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The ghostly aurora surges in waves across the sky, dropping curtains of blue, red, and green. It appears without warning, grabbing our attention from the still dark sky as if trying to warn of us impending danger. The light show can retreat as quickly as it emerged, leaving viewers dazzled and wanting more.
In our modern world, science has revealed most of the secrets of the northern and southern lights. We now understand that aurorae form when solar particles collide with Earth’s upper atmosphere. Larger solar storms cause a greater influx of particles, which can cause aurorae to reach lower latitudes and appear to more observers. March and September generally afford the best opportunities to observe the northern or southern lights. The colors of the aurora are determined by which gases are excited by the solar plasma.
All of this scientific knowledge slowly started accumulating more than two and a half centuries ago. Prior to that, people made up their own stories about what the lights were and what they meant to humans. The folklore begins with the name of the northern and southern lights. Aurora is the name of the Roman goddess of the dawn. For Europeans, the lights, usually starting as a subtle brightening on the northern horizon, appeared to be an out-of-place and untimely arrival of morning. Other stories about the lights ran the gamut from evil omen to helpful spirits to weather forecasts.
- The Ottawas on Manitoulin Island in Lake Huron thought an aurora was a sign of good will from their creator, Nanahboozho.
- The Chuvash of Siberia believed it was their heaven god helping women in childbirth.
- East Greenland Inuits viewed the lights as children who died at birth.
- The Vikings thought aurorae were reflections from shields of the Valkyries, maidens who take dead warriors to Valhalla (heaven).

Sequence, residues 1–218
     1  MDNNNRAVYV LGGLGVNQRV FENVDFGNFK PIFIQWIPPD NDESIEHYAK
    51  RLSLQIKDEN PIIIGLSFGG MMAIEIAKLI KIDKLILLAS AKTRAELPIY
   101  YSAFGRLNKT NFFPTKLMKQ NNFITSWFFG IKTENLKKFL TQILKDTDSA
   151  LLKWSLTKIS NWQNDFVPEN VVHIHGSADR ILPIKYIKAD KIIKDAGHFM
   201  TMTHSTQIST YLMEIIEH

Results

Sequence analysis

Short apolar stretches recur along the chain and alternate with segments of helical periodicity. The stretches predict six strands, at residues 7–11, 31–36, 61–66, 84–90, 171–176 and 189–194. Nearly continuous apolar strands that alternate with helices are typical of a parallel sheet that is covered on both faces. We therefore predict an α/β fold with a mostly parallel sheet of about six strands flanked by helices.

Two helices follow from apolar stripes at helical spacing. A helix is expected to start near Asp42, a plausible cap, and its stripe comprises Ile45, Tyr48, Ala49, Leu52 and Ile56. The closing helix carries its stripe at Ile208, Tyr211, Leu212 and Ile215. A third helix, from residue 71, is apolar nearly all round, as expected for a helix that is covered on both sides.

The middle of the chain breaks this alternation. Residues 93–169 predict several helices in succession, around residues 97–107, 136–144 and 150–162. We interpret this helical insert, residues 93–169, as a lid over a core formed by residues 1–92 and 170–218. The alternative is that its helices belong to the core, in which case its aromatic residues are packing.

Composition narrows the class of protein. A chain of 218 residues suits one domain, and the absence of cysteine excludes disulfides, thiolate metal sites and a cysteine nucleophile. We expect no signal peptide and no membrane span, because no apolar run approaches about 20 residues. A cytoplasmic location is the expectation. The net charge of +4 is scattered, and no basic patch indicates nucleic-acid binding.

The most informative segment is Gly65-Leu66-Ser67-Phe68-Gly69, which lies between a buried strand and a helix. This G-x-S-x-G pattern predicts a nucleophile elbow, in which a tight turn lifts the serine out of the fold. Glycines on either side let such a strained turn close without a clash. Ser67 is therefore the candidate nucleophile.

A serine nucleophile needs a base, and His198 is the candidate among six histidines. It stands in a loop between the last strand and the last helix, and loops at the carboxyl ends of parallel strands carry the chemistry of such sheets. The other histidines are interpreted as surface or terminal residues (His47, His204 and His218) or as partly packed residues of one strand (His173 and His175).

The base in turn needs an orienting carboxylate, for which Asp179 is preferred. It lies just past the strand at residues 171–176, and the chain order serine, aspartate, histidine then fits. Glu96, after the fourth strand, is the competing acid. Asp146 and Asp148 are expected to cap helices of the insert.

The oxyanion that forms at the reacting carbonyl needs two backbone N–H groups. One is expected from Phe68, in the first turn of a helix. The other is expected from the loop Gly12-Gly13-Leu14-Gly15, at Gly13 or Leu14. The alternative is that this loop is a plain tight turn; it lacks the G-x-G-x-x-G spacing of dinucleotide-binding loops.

- Iroquois believed they were seeing the entry point to the land of the souls.
- The Inuit of the lower Yukon River, the Salteaus of Eastern Canada, and the Kwakiutl and Tlingit of southeastern Alaska all saw dancing souls in the flickering sky.
- Fox Indian tribes of Wisconsin feared the lights as ghosts of their slain enemies, trying to rise up again. For this reason, aurorae were regarded as an omen of war and pestilence.
- Contrary to the great numbers of legends revolving around the deceased, the Lakota Sioux interpreted the lights as spirits of generations yet to be born.
- Many Inuits’ myths involve the dead playing ball with a walrus head.
- Unlike other Inuit groups, Point Barrow Inuits consider the northern lights evil and carried knives for protection.
- The Koyukuk Indians in northwest Alaska banged on metal pans to attract aurora.
- In Lapland, people were warned not to mock or whistle at aurorae or they may come down to harm them.
- A number of stories involve the actions of unknown communities farther to the North. The Mandan of North Dakota told of fires that people of northern nations used to simmer dead enemies in enormous pots.
- In Washington state, Makah Indians also saw fires of those in the far north, only they spoke of a tribe of dwarfs boiling blubber.
- Menominee Indians of Minnesota and Wisconsin thought the aurorae were torches of friendly northern giants used in spearfishing at night.
- The Mauri of New Zealand interpreted their glimpses of the aurora australis as reflected light from torches or campfires.
- Scandinavian fishing people saw the lights as a sign of rich catches, believing them to be caused by sunlight reflecting off large schools of herring in the North Sea.
- Finnish and Estonian myths were also aquatic in nature, involving a whale or ocean monster splashing the water with its tail.
- Another story from Finland claims that foxes made of fire lived in Lapland and flung sparks into the air with their tails.
- Farther south on the globe, in China, the monster responsible for auroral displays was a fire-breathing dragon.
- Even in the far south of the United States, aurorae were spotted often enough to grow legends. The Creek Indians of Georgia and Alabama, along with the Cheyenne of Wyoming, said the northern lights were a sign of changing weather. The Penobscot Indians of Maine were more specific in their meteorology, foretelling windy weather.
- In Scotland, aurorae were called “merry dancers”. If the “dancers” moved quickly, unsettled weather would be expected, but if the dancers moved slowly and gracefully, the weather forecast was favorable.
While we no longer blame aurorae for a turn in the weather, they are a part of “space weather”. A geomagnetic storm can come your way at any time, triggering another round of magnificent auroral displays. Watch the next event and decide for yourself what the northern lights mean to you.
Read more at Suite101: Legends Behind the Northern Lights: What Past Societies Saw in the Sky http://astronomyspace.suite101.com/article.cfm/legends_behind_the_northern_lights#ixzz0ngFemsn3